Tuesday, January 11, 2011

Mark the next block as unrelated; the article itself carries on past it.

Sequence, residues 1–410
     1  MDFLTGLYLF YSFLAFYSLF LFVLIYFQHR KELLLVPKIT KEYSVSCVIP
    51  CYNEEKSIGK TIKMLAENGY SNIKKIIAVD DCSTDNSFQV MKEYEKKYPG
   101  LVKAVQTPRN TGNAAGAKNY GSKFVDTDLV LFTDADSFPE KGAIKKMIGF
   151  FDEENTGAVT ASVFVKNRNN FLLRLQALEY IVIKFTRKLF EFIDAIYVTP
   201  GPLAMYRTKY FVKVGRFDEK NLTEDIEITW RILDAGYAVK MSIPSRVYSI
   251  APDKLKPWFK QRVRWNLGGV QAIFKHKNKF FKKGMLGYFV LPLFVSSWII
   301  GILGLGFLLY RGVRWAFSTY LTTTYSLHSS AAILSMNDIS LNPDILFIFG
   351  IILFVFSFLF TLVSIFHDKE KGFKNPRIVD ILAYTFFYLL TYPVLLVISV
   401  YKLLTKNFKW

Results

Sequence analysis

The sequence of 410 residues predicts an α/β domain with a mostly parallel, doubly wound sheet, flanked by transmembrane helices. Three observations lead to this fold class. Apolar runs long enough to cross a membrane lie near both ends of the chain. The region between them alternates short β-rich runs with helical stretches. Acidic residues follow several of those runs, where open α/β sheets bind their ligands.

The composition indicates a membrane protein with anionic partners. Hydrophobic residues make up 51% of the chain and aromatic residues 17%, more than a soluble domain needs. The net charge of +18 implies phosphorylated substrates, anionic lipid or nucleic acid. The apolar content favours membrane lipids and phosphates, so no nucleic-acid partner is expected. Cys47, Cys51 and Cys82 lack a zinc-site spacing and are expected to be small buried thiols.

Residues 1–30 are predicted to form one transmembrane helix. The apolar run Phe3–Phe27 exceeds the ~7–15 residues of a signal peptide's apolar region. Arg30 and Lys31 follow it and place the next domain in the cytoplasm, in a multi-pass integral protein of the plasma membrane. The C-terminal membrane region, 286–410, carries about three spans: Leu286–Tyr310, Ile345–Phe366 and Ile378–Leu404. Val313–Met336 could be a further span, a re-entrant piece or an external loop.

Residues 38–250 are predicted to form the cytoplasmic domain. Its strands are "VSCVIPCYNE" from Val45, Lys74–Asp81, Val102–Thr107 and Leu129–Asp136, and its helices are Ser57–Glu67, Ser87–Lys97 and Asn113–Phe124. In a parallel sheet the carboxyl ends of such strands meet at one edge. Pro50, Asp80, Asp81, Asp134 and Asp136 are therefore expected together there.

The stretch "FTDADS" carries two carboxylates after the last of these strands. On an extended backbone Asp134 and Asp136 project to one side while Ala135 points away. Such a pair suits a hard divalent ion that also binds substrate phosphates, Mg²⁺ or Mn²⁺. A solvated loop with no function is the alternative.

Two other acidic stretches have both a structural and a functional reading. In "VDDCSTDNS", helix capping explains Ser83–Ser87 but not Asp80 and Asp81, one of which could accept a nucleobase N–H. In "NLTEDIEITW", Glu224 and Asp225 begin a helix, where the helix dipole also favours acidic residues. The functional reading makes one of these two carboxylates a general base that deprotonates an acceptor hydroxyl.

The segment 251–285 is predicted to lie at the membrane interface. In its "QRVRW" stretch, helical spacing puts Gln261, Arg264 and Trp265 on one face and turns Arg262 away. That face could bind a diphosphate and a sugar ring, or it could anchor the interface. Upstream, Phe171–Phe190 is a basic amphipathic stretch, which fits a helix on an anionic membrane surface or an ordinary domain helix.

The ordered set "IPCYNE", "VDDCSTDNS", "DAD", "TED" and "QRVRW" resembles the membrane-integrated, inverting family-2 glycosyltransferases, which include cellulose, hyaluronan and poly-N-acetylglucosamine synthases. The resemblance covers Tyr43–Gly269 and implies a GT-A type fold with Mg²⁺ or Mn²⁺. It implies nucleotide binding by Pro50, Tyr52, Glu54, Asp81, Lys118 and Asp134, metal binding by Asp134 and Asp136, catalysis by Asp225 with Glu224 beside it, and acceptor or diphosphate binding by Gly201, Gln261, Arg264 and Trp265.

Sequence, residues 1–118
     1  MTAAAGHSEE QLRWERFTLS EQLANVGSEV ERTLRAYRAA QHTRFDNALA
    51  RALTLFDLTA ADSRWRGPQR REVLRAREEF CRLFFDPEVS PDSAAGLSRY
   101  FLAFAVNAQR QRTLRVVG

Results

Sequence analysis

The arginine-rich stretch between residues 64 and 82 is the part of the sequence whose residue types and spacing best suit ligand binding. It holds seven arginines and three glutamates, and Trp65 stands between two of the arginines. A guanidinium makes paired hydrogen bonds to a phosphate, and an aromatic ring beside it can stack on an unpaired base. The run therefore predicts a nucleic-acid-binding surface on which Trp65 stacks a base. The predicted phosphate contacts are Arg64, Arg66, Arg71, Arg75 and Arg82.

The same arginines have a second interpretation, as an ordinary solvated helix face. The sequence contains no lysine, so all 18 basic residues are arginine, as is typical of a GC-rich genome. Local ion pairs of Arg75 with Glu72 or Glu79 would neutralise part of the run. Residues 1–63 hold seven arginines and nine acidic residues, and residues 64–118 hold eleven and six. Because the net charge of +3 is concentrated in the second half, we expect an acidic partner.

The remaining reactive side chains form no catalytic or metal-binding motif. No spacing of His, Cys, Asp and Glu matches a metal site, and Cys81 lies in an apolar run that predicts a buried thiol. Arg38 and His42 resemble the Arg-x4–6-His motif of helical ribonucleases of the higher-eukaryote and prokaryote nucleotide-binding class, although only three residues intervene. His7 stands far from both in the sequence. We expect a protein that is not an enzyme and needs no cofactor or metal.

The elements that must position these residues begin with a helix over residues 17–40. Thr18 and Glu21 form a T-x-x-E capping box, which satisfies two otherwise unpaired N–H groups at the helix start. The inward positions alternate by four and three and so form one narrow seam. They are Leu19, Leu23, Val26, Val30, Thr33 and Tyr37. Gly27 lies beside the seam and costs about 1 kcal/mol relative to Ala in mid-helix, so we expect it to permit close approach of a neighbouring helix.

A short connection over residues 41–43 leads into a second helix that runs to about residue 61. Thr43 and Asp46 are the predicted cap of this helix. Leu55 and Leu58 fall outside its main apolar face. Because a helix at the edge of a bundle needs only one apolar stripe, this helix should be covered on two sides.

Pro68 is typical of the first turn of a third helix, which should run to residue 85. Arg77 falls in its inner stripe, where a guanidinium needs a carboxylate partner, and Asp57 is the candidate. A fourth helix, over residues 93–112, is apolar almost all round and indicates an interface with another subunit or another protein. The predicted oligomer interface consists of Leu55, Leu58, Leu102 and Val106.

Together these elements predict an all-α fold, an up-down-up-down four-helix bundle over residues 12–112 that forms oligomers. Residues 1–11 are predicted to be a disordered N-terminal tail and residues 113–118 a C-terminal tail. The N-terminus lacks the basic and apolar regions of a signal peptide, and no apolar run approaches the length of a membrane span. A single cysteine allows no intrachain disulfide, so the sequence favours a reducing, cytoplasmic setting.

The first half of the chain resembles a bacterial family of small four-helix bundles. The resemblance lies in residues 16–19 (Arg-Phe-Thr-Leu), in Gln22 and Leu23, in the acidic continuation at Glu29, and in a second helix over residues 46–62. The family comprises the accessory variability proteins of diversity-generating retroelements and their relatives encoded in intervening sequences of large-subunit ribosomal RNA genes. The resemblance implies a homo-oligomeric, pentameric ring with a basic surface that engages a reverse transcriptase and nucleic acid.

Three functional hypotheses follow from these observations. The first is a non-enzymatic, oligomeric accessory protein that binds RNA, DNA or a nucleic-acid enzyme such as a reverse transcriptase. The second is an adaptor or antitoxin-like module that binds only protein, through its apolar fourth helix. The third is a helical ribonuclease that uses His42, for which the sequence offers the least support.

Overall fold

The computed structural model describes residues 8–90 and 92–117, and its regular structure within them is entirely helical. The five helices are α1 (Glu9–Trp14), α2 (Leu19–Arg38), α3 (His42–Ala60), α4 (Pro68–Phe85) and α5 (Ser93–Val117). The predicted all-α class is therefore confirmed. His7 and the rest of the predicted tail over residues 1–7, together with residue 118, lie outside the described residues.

Today was a rough start, only because I had been up for over 24 hours and couldn’t sleep last night. I was running on 4 hours of sleep. Our drivers picked us up and we were headed to an outreach clinic in Agogo. Before we officially headed out “on the road” a few errands had to be taken care of. Dennis, the ophthalmic nurse, had to visit his cousin at the electric company to settle a bill. After that, John, our driver had to put some pressure in the tires and get some gas. After that, Dennis had to stop to get breakfast, some donuts and porridge. So we were now set to go. Dennis had warned us that Ghanaians run on a different time, and that G.M.T. actually stood for Ghanaian Man Time. Trust me I would rather have a laid back situation then the opposite. So we were off. The drive was about 3 hours long, ½ of the road were paved and ½ were covered with a burnt orange (think Grand Canyon color) type of dirt dust. Our driver was doing a slalom drive trying to avoid the potholes on these roads. The scenery was beautiful. We passed many smaller villages, in which vendors sell everything on the street, including caskets! The one thing I have found so amazing is how the Ghanaian women can carry such heavy loads on their heads and to top it off they have the most amazing posture you have ever seen. The items stacked on their heads have ranged from trays stacked with fruit to big bins of water. As we were driving, we also saw men walking the roads with machetes; of course I hadn’t realized yet at this point how many banana and mango trees were around. They use these machetes to clear the way and when getting the fruit and also to cut down any other items needed. The weather was overcast so you could barely make out the hillside above, it rather looked like floating silhouettes of trees in the sky. For some reason, I was thinking of the movie “Gorillas in the mist” …I digress :) So we arrived in town and had about 40 patients waiting in the local church. John and Dennis introduced themselves and explained who we were and all about Unite for Sight. After that we introduced ourselves. So then the signing in procedure began. After everyone was signed in, they first took their visual acuity test, which I was ½ assigned to. The charts are quite different here. In the states, we have different letters in the alphabet on the chart; here it is just the letter E. But the letter E is printed in various positions: up, down, left, right. The different languages around Ghana make it easier to do it this way. After noting their sight, they were sent over to Dennis for an eye exam and then to John for dispensing of glasses or medicine. The glasses they receive are the ones we brought with us and they are charged 1 Cedi for them. After completing the visual test, we sat outside and played with the kids. I was talking to the kids, when I heard a huge bang behind me. The truck carrying a huge vat of water to the school had tipped over on its side as it was trying to make it up the hill. From what was heard the vat was not securely centered on the truck, so more weight was on the left side, causing it to tip. Luckily, both driver and passenger were fine. The village men all came around discussing what to do. They finally somehow hooked up some ropes to the truck and pulled it back upright. Guess we really should appreciate our tow trucks. After that incident, we starting packing up and had another 3 hours back. We picked up some other workers so had the car stuffed, I was pretty much squeezed next to the stick shift (since 2 of us were sitting in the passenger seat). Got back to the hotel late and ran out to get some jollof rice and chicken. Off to bed for tomorrow, heading for another long ride… More tomorrow.